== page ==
Introducing Insider score

The score indicates whether other members of a community would consider a given account ‘one-of-us’ or not.

This addition is an important complement to Attention scores. Together they offer a more nuanced view into each group. There are many profiles that receive lots of attention, but if you ask around you would find out that they are not considered part of the community. 

Take Donald Trump as an example (when he was still president). He would get a high Attention score in many communities, including those that hated his guts. They still paid attention to him and that is what the score indicates. As long as people pay attention to you you have an ability to influence them in one way or another – even if they do the opposite of what you say. However, this leaves out a big part of the picture. It does not tell you whether somebody belongs to that community or not. That is where the Insider score comes in. 

How Insider score works 

Your Insider score is going to be high if people who pay a lot of attention to other accounts with high scores pay attention to you as well. Of course, it is more nuanced than that, but this is the most intuitive explanation we could come up with. 

The scores are scaled from 0 to 1. The closer to 1, the more of an insider a given account is. We have updated visualizations on the website so that it is more intuitive. The size of the colored circle indicates Attention score and the position of the colored circle indicates Insider score. The more the two circles are aligned, the higher the Insider score is. 

It is still in Beta! 

Insider score is currently in Beta. We have been working on this release for close to a year. Hundreds of hours of research went into this. However, this work is not nearly done.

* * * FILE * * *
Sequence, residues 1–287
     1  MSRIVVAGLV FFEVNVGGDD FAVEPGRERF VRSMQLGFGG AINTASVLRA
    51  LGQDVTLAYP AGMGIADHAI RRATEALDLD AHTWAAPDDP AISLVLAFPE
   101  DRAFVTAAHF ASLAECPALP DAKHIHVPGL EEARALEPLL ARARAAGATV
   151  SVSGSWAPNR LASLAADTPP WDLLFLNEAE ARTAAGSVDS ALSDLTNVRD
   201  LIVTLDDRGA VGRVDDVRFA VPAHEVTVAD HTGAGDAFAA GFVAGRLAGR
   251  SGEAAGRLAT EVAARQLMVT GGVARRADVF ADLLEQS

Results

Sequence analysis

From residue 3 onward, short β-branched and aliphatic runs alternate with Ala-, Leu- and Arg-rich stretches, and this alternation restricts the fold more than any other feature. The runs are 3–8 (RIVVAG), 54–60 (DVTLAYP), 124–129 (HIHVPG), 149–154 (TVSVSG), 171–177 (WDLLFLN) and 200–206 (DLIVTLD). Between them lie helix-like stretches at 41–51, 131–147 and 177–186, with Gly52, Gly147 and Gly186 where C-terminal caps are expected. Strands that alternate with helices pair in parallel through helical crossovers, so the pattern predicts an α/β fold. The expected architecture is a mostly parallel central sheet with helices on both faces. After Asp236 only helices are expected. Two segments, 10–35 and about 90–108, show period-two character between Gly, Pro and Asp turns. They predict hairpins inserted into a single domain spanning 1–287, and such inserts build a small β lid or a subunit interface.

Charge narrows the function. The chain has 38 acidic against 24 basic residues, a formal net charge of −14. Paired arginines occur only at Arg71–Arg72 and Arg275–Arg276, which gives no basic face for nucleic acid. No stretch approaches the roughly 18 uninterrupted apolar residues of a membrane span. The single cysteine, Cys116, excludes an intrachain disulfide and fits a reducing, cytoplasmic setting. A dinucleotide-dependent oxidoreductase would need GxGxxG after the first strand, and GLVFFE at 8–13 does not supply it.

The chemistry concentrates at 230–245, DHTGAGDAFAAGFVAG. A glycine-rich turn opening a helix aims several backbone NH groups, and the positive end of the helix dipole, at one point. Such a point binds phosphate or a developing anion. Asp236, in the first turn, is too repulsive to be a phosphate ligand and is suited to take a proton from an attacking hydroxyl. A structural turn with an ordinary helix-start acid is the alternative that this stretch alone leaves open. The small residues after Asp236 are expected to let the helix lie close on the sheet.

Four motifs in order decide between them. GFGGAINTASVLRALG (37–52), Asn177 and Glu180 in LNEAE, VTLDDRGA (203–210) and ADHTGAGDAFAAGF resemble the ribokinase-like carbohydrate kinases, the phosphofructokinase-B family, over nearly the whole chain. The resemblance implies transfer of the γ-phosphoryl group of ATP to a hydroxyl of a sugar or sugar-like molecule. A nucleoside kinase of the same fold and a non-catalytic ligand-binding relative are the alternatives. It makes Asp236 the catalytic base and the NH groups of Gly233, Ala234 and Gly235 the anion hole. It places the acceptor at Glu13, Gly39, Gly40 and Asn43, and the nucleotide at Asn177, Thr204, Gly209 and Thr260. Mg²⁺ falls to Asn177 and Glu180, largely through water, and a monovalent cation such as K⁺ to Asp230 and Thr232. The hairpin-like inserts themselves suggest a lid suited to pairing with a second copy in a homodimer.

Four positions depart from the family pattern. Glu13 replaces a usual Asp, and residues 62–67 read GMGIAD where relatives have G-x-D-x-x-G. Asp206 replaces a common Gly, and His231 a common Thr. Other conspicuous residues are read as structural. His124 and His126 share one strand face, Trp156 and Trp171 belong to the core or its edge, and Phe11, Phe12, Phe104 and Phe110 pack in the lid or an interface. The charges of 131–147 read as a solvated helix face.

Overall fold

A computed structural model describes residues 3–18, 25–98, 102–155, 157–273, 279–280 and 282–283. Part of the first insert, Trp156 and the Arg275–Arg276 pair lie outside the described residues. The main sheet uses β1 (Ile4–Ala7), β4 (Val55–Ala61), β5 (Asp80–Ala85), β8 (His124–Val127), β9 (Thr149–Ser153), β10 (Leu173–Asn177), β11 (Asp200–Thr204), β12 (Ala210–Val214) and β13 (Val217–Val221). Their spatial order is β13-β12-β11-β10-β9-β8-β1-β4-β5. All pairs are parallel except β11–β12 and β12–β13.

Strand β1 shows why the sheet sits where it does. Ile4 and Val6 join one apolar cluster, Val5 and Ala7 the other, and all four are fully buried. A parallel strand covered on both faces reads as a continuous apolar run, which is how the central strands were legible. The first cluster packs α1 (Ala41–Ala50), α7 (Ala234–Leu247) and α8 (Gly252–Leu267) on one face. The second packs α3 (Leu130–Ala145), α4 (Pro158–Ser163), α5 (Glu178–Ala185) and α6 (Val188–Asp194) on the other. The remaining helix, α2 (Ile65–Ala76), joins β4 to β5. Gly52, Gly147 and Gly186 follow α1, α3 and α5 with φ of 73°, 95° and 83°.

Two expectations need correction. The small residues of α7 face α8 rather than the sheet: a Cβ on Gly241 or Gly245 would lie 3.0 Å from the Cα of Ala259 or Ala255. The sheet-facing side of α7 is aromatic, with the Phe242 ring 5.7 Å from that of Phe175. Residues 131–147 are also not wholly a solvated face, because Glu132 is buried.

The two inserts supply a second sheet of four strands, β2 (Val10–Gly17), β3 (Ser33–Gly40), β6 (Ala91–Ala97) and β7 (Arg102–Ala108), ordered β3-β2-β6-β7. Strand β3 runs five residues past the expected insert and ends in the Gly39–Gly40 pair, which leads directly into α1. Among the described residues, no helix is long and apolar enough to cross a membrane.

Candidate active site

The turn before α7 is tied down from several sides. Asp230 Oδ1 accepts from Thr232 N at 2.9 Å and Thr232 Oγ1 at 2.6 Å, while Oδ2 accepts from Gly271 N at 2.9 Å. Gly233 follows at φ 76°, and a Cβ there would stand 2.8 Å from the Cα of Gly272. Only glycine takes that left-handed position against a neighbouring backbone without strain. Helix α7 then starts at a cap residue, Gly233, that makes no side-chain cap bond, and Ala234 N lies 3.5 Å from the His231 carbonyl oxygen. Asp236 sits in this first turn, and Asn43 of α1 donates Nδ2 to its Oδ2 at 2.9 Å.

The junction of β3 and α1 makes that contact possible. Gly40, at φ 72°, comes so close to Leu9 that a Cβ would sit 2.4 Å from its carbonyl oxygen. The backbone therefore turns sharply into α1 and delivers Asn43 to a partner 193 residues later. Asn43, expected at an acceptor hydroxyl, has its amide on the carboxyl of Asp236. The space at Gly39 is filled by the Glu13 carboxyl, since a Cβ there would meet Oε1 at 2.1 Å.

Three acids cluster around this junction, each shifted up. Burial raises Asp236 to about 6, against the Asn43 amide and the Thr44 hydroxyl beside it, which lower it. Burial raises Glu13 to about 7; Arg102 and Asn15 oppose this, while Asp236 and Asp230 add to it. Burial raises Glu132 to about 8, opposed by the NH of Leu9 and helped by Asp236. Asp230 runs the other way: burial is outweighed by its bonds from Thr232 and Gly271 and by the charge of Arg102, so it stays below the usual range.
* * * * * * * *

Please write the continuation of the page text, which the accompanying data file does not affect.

For example, our algorithm gives a lower Insider score to large accounts, such as Elon Musk or Vitalik Buterin. Clearly, Musk should have a high Insider score in the Tesla community and Buterin in Ethereum’s. We are working on this issue. 

We have released the scores because we think that they got to the point where they can be useful. Another reason is that we need your feedback to improve them further. We are seeking your input particularly in two areas (but all feedback is welcome!) 

  • Where are the scores incorrect? I.e. which accounts, based on your insider knowledge of a given community, should have higher or lower scores and why? The more of this kind of input we have, the more precise experiments we can design. 

  • What could be a better way to present these scores? I.e. We know that scores expressed on a scale from 0-1 are not the easiest to read. Especially, for somebody who is not deeply familiar with a particular group. We are looking for better ways to present this information. If you have any suggestions – we are all ears! 

You can send your feedback to or DM us on Twitter.